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- Chronicle Sports Staff makes March Madness picks
- Multicultural Suite to open in Student Center
- Assistant director of OFSL to resign on March 10
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- Sherman Ave building to be new QU theater
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- Tom Moore fired as men’s basketball head coach after 10 seasons
QU seminars here to stay
Despite rumors that the university plans to phase out the QU seminar program, the university is committed to keeping QU 101, 201 and 301, Coordinator of the QU Seminar Series Professor Jill Shahverdian said. Instead, the leaders of the QU seminar series are reading student work and listening to student feedback to improve the program, she said.
Since other universities do not have classes like QU 101, 201 and 301, students do not understand them, Shahverdian said. This causes rumors that the program is ending to spread.
“We as faculty need to make sure students understand why we as a university think of these courses as so important,” she said. “Like any course, there are some students who don’t have a good experience and some who have a great experience. If you have a negative experience, they are thinking, ‘Why don’t they just get rid of it? It’s not really good.’ Not realizing that overall students have a very positive experience.”
Freshman Gawit Guevara is among the students who would prefer that the university eliminated the QU seminar courses.
“We should be able to take other classes that should be able to help us with our majors,” he said. “[QU 101] was more like everyday life lessons and pretty much as college students we should know that by now.”
According to Shahverdian, the university is tackling the complaint that the QU seminar courses do not relate to students’ majors.
“One of the things we have been working on this year is trying to do things in class that help make those connections to the other courses you are taking,” Shahverdian said.
The Personal Success Plan is one way to do this, she said. The Personal Success Plan is an essay that freshmen wrote this academic year in QU 101 where they outlined their immediate and long-term goals. Shahverdian hopes that the Personal Success Plan will be something that students will develop after their freshman year, either within their majors or in QU 201 and QU 301.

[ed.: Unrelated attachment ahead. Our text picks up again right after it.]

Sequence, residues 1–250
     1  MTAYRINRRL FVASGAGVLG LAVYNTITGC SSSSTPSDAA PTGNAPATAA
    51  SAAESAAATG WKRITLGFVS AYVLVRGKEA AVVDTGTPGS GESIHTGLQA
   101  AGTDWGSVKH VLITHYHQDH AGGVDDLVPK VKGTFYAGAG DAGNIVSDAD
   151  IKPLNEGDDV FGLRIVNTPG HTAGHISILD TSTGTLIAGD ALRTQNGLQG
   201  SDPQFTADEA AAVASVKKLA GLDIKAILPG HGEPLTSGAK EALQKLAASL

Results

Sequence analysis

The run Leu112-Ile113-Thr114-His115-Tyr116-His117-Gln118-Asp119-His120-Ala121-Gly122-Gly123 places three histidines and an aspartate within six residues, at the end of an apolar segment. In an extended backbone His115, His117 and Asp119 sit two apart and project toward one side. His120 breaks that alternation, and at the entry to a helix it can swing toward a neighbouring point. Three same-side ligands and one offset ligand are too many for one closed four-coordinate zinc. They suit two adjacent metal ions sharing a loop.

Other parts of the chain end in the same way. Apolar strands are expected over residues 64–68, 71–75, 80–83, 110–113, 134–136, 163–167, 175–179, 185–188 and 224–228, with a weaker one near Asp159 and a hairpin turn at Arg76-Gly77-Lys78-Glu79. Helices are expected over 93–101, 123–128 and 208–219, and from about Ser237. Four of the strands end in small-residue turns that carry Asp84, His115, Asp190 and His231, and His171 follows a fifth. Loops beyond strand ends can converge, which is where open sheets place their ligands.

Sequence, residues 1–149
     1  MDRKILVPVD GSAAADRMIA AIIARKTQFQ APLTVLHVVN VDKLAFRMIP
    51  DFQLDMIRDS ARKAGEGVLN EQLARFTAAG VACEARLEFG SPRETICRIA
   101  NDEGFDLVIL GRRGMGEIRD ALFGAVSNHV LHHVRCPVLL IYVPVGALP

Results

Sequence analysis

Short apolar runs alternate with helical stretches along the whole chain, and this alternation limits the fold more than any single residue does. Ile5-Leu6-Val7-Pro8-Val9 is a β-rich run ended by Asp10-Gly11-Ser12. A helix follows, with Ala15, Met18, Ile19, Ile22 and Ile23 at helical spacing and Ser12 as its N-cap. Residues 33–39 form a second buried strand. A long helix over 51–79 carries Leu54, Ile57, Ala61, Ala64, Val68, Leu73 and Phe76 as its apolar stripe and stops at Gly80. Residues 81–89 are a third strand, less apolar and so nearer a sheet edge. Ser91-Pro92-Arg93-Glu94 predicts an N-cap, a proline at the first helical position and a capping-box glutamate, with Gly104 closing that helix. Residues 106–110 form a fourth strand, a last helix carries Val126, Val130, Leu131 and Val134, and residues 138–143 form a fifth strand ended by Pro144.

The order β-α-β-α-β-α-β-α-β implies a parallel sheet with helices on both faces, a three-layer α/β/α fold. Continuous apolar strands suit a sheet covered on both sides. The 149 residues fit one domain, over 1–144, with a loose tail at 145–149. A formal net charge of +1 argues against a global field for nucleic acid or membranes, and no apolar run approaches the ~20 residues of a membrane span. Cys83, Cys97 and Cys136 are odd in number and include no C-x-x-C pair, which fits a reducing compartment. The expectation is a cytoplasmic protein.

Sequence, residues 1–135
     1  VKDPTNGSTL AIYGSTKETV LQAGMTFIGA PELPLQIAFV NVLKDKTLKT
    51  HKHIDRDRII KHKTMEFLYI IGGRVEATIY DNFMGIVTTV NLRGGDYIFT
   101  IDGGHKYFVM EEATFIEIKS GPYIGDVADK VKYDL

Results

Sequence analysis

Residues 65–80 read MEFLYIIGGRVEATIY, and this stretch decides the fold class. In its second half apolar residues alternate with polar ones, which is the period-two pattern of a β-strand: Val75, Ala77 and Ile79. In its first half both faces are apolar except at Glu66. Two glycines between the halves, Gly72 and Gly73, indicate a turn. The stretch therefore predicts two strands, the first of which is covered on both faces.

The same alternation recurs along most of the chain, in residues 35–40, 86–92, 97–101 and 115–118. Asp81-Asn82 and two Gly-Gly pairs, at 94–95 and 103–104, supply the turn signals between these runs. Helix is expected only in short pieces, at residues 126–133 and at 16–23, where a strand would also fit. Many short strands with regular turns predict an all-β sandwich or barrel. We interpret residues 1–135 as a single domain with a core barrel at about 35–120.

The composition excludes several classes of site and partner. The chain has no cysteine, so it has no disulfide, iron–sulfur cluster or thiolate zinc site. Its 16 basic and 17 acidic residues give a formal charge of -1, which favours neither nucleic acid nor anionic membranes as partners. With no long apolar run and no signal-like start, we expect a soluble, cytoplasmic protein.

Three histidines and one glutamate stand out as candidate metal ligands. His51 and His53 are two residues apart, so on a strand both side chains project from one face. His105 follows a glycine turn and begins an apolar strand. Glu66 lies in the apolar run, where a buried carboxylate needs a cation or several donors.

The leaders of the QU seminar series are also addressing students’ concerns that some professors give a lot of work, while others give very little.
“What we’ve been doing is talking about what does it mean to be a 100-level course or a 200-level course or a 300-level course?” she said. “It’s saying [to the professors], ‘We think that in the 100-level course that students should write about 25 pages and here’s why.’ Then professors understand and they know what they are doing fits in with the big picture.”
In QU 101, all professors will be required to assign the same six readings. Other assignments will be given based on the interests of the class, Shahverdian said.
The leaders of the QU seminar series do not want to get rid of the program because they feel it is valuable for students.
“Students are breaking free from merely repeating someone else’s ideas to becoming themselves critical, creative, and independent thinkers,” QU 101 Course Leader Professor Aileen Dever said. “You belong to a university that doesn’t only send you down one narrow corridor toward a career, but rather provides the opportunity for you to open various doors because you have been well prepared, not only to produce in one area, but to think creatively and take advantage of the many possibilities that life can present.”
Peer Catalyst Mentor Rachael Wolensky has personally grown as a result of the QU seminar series.
“This program has allowed me as an individual to step out of my comfort zone and become a better person,” she said. “I say all the time that I can’t imagine being where I am today without the QU seminar series program … The lessons I have learned in the QU series are more helpful in opening my eyes to the real world problems than many of the classes I currently take.”
Sophomore Brendan Latran feels that learning these lessons should not need to take three classes.
“Up until this point if you haven’t done anything along those lines then you’re probably doing something wrong, then your high school probably did something wrong,” he said. “I just don’t think that three of them should be required or that they should be required at all really. It is mostly about community and we’re already in a community.”